• Amount of medium-enriched uranium hexafluoride (UF6) gas (approximately 20 percent U-235) produced as of November 2013:
    410.4 kg [o]
  • Amount of this material stored in gaseous forms as of November 2013:
    196 kg [p]
  • Amount of this material converted to uranium oxide for use in fuel plates, as of November 2013:
    213.54 kg [p]
  • Amount of this 20 percent enriched UF6 theoretically needed to produce a bomb’s worth of weapon-grade uranium metal:
    140 kg [q]
  • Average monthly production rate of this 20 percent enriched UF6 at the Natanz pilot plant:
    4.8 kg [r]
  • Number of first generation IR-1 centrifuges being fed with UF6 at the Natanz pilot plant as of the last reported visit by IAEA inspectors:
    328 [s]
  • Average monthly production rate of this 20 percent enriched UF6 at the Fordow plant since the last IAEA report:
    10 kg [t]
  • Number of first generation IR-1 centrifuges being fed with this UF6 at the Fordow fuel enrichment plant as of the last reported visit by IAEA inspectors:
    696 [u]
  • Total number of IR-1 centrifuges installed at Fordow:
    2,710 [v]
  • Number of SWUs needed to accomplish the enrichment of a bomb's worth of this 20 percent enriched UF6 to weapon-grade:
    292 [w]
  • Number of months theoretically needed for the 2,710 IR-1 centrifuges currently installed at Fordow to accomplish the above:
    1.7 [x]

Increasing enrichment capacity at the Natanz Fuel Enrichment Plant

Date of IAEA Inventory

IR-1 Centrifuges Being Fed with UF6

Other IR-1 Centrifuges Installed

17 Feb 20070656
13 May 20071,312820
19 Aug 20071,968656
3 Nov 20072,9520
12 Dec 20072,952?
7 May 20083,2802,624
30 Aug 20083,7722,132
7 Nov 20083,7722,132
1 Feb 20093,9361,968
1 Jun 20094,9202,296
12 Aug 20094,5923,716
2 Nov 20093,9364,920
31 Jan 20103,7724,838
24 May 20103,9364,592
28 Aug 20103,7725,084
5 Nov 20104,8163,610
16 Nov 20100~ 8,426
22 Nov 2010~4,592~3,834
20 Feb 2011~5,184~2,816
14 May 2011~5,860~2,140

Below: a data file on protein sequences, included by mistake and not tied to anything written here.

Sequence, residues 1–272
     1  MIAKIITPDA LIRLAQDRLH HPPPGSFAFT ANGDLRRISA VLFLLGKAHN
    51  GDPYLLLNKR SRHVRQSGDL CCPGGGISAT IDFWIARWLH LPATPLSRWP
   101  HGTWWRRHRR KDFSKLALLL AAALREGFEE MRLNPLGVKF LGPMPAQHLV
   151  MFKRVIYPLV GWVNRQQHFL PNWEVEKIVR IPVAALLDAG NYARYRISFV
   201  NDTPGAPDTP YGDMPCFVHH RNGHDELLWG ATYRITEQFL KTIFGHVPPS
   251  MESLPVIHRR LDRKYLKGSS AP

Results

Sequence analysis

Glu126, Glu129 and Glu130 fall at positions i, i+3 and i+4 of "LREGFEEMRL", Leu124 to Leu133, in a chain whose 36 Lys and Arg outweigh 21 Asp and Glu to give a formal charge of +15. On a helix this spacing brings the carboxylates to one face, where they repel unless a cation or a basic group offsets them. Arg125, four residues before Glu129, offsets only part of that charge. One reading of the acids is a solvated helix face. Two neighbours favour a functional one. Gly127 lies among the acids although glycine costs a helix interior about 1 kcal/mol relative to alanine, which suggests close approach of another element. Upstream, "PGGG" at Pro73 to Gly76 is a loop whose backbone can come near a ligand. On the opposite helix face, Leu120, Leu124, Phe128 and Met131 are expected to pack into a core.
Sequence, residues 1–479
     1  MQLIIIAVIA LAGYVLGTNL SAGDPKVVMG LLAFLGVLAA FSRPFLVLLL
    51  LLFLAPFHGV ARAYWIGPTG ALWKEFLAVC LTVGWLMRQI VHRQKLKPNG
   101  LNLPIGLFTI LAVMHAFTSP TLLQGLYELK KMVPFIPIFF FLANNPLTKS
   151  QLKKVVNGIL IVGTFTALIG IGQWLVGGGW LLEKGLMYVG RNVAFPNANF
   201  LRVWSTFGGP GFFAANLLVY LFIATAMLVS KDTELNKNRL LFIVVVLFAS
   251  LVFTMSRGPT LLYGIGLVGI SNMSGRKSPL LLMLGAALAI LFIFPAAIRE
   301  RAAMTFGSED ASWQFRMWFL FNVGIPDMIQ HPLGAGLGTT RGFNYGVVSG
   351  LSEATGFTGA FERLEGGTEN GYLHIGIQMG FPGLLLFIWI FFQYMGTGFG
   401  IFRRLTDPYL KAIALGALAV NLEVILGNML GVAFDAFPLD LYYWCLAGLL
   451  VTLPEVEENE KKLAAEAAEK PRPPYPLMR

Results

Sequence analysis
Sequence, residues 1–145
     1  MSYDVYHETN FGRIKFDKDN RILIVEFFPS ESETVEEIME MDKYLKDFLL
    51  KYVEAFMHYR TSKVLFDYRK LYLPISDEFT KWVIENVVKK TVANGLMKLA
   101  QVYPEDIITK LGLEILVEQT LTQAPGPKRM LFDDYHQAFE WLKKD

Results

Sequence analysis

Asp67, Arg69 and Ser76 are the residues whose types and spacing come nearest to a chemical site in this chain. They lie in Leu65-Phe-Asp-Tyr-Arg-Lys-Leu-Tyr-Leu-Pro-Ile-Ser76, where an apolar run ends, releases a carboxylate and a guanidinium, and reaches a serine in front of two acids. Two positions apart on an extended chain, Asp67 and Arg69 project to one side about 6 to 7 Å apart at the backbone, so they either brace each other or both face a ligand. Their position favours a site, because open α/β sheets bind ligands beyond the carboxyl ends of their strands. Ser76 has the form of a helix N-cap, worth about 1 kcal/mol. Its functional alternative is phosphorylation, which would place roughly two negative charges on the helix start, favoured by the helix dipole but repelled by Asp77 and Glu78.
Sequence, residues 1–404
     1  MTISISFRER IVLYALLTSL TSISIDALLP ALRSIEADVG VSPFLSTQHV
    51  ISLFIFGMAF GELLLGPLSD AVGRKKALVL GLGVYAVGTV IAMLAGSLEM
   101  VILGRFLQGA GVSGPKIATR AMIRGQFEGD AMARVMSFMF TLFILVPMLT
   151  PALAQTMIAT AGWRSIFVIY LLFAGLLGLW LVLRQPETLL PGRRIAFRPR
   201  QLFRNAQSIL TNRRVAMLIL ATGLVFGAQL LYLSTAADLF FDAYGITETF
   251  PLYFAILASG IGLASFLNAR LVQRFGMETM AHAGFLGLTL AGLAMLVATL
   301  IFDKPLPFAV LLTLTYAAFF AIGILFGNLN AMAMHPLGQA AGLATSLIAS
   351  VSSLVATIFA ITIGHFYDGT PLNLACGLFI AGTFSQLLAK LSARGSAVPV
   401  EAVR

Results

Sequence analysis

28 Aug 2011~5,860~2,140
2 Nov 2011~6,208~1,792
19 Feb 20128,808348
19 May 20128,818512
21 Aug 20129,156270
10 Nov 20129,1561,258
19 Feb 2013~8,990~3,680
15 May 2013~8,990~4,565
24 Aug 20139,1566,260
9 Nov 2013~8,800~6,620
Date of IAEA InventoryIR-2m Centrifuges Being Fed with UF6IR-2m Centrifuges Installed
19 Feb 20130180
15 May 20130689
24 Aug 201301,008
9 Nov 201301,008


  • This assessment assumes that Iran would use 16 kg of weapon-grade uranium (~90 percent U-235) in the finished core of each nuclear weapon. Sixteen kilograms are assumed to be sufficient for an implosion bomb. This was the amount called for in the implosion device Saddam Hussein was trying to perfect in the 1980’s, and the design for such a device has circulated on the nuclear black market, to which Iran has had access. Some experts believe that Iran could use less material, assuming Iran would accept a lower yield for each weapon. According to these experts, Iran could use as few as seven kilograms of this material if Iran’s weapon developers possessed a “medium” level of skill, and if Iran were satisfied with an explosive yield slightly less than that of the bomb dropped on Hiroshima, Japan.[y] If Iran chose to use an amount smaller than 16 kg, the time required to make each weapon would be less than estimated here. Or, in the amount of time estimated here, Iran could make a greater number of weapons. Iran could decide not to use such a smaller amount of weapon-grade uranium if Iran wanted to have more confidence that its weapons would work, or if it wanted to reduce the size of its weapons by reducing the amount of high explosive required.